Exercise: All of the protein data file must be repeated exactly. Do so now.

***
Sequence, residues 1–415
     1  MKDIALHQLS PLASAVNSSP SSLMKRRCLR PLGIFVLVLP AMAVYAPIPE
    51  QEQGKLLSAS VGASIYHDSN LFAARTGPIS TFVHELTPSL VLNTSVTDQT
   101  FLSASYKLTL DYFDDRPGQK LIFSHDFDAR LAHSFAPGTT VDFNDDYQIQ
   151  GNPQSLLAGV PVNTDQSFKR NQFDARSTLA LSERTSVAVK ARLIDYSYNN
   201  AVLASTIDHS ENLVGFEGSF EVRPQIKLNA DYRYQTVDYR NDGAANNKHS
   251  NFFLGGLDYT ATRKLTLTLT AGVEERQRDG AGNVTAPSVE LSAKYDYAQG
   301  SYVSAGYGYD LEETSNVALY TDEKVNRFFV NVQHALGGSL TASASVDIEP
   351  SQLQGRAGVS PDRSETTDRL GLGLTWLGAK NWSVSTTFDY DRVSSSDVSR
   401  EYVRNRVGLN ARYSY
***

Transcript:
Sequence, residues 1–415
     1  MKDIALHQLS PLASAVNSSP SSLMKRRCLR PLGIFVLVLP AMAVYAPIPE
    51  QEQGKLLSAS VGASIYHDSN LFAARTGPIS TFVHELTPSL VLNTSVTDQT
   101  FLSASYKLTL DYFDDRPGQK LIFSHDFDAR LAHSFAPGTT VDFNDDYQIQ
   151  GNPQSLLAGV PVNTDQSFKR NQFDARSTLA LSERTSVAVK ARLIDYSYNN
   201  AVLASTIDHS ENLVGFEGSF EVRPQIKLNA DYRYQTVDYR NDGAANNKHS
   251  NFFLGGLDYT ATRKLTLTLT AGVEERQRDG AGNVTAPSVE LSAKYDYAQG
   301  SYVSAGYGYD LEETSNVALY TDEKVNRFFV NVQHALGGSL TASASVDIEP
   351  SQLQGRAGVS PDRSETTDRL GLGLTWLGAK NWSVSTTFDY DRVSSSDVSR
   401  EYVRNRVGLN ARYSY